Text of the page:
September 16 marks the 23rd Annual Music Festival for Brain Health at Staglin Family Vineyard in Napa Valley, Calif. The festival, which benefits One Mind and One Mind Institute, has raised $256 million to date. It was created by Garen and Shari Staglin in 1995, in response to what their son, Brandon, was then experiencing.

In 1990, 18-year-old Brandon Staglin was diagnosed with schizophrenia following a psychotic breakdown. “Psychosis is defined as symptoms including hallucinations, delusions, severe depression, and anxiety,” says Staglin, who’s now director of marketing and communications for Staglin Family Vineyard and One Mind Institute, and board director for One Mind and One Mind Institute. “My delusions were scary and incapacitating.”

Staglin’s parents found a psychiatrist who stabilized him with medication, which made it possible for him to resume his life. But then things took a turn for the worse. “I went to college at Dartmouth and integrated socially at first, but didn’t want to tell my friends about what I’d been through. I began isolating myself more and more.” Even so, he graduated with honors and got a job as a satellite design engineer in Palo Alto.

“I thought I was doing well enough to go off my meds—and had a relapse in 1996.” The second recovery took much longer than the first. “I went through cognitive training, which is training the brain through technology. It was a big help for me,” he says. He was eventually able to return to work and today lives in Napa Valley with his wife, Nancy, and their chocolate labradoodle, Cooper.

One Mind and One Mind Institute were founded by the Staglins in 1995. One Mind’s mission is to radically accelerate cures for brain illnesses and injuries by finding and fostering paradigm-shifting scientific research, collaborations, and initiatives. It’s most recently seen major breakthroughs in traumatic brain injury research by tracking 3,000 patients through a 13-university consortium. One Mind Institute funds neuroscientists who are researching how psychiatric disease works and discovering ways to heal those diseases at their roots. One of its recent focus points has been to support and lead research for treating oncoming mental illness before it become symptomatic.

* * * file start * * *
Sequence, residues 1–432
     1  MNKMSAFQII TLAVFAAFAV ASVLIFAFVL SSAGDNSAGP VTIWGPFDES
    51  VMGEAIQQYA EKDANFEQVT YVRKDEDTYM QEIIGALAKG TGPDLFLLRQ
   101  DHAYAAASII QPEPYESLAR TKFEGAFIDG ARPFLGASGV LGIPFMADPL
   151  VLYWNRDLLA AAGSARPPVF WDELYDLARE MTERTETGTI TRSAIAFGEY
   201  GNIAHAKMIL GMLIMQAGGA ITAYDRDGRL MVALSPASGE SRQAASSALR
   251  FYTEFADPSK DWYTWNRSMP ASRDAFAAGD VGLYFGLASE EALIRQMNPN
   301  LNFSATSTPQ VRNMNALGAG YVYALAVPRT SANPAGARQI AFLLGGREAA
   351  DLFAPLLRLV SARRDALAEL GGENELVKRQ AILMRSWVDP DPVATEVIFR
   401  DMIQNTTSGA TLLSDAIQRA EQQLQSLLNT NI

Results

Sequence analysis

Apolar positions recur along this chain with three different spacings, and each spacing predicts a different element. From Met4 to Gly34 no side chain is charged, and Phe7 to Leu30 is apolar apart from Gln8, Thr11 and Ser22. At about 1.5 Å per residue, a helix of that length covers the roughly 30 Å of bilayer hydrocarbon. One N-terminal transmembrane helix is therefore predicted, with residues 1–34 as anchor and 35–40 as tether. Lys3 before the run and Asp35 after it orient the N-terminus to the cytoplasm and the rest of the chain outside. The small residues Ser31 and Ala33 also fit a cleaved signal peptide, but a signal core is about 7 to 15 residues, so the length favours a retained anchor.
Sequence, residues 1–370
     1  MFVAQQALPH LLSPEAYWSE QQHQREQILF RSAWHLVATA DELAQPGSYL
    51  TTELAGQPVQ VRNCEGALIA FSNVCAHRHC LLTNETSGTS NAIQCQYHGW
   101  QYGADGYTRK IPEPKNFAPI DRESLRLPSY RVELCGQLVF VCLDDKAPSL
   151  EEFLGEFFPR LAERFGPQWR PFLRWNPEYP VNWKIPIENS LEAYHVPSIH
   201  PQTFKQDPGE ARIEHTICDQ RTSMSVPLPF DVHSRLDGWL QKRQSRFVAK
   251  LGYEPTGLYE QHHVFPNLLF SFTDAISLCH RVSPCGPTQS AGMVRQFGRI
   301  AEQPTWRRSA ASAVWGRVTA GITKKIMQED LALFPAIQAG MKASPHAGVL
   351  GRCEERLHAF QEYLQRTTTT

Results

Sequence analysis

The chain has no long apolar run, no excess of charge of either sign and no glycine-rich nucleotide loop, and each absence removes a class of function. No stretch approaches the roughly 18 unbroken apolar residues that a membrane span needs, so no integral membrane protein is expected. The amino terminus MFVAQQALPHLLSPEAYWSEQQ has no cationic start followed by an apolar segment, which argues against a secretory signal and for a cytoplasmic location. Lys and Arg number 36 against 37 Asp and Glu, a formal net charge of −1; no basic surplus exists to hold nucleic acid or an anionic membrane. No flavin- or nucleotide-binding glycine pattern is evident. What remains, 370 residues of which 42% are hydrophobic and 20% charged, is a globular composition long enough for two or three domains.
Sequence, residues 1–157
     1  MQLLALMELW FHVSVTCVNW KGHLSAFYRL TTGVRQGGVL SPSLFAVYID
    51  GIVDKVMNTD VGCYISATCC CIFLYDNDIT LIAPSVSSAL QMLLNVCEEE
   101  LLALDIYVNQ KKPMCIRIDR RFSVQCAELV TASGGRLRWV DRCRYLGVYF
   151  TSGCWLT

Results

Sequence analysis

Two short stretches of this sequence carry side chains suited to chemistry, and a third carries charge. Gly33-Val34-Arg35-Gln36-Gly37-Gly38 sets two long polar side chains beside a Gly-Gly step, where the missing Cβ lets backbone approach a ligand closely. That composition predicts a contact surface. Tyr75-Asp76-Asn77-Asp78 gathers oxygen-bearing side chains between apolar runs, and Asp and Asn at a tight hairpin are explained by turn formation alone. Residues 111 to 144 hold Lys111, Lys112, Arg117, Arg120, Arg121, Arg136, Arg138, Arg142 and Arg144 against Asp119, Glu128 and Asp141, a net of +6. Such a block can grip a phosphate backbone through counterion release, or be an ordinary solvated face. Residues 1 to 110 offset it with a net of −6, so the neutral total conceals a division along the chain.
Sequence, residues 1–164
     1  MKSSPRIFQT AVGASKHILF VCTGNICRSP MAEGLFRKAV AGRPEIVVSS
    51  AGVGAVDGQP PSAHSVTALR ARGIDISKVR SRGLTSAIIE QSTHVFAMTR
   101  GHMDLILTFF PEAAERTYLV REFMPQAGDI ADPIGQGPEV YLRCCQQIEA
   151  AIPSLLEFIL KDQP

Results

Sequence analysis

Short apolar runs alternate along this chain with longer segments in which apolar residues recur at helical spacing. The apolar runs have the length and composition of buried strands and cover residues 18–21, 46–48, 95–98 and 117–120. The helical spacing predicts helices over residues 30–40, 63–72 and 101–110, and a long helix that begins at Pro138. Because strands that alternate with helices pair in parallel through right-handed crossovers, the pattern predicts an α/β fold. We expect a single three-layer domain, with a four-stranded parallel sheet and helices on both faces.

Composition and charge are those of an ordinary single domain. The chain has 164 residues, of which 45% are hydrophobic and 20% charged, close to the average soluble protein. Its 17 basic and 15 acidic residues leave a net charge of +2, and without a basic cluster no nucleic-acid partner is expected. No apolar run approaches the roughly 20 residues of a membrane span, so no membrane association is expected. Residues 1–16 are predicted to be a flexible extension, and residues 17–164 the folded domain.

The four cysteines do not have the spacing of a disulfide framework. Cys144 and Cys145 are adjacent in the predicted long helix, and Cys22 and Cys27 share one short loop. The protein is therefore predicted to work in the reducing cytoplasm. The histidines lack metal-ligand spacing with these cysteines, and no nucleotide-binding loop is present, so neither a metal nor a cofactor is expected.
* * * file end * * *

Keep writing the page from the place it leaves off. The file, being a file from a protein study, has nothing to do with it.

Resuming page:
Asked about this year’s event, Staglin says, “A lot of people say the best part of the day is the scientific symposium. This year’s keynote speaker [Joshua A. Gordon, M.D., Ph.D., director of the National Institute of Mental Health] will discuss the future of brain health research. Another speaker is Samuel McLean, M.D., who’s currently heading the Aurora program, which is focused on treating the brain after injury as well as discovering how those injuries relate to disorders.”

Approximately 500 attendees are expected for the daytime events, while about 250 will stay for the VIP dinner. About this year’s music festival, Staglin notes he’s a long-time fan on Lyle Lovett and is excited to see him perform. “I’m also excited about Nash’s [Chef Anthony “Nash” Cognetti] appetizers during the wine tasting portion, as well as the VIP dinner by Chef Cindy Paulson, a good friend of mine.”

This past June, Staglin was honored with Mental Health America’s (MHA) Clifford W. Beers Award, presented annually to mental health consumers (those affected by mental health conditions) who best reflect the example set by MHA founder Clifford W. Beers’ efforts to improve conditions for—and attitudes toward—people living with mental health conditions. Staglin also received a congressional citation at the same event.

“I feel, with this recognition, that I owe it to mental health patients to do my best work for brain health,” he says.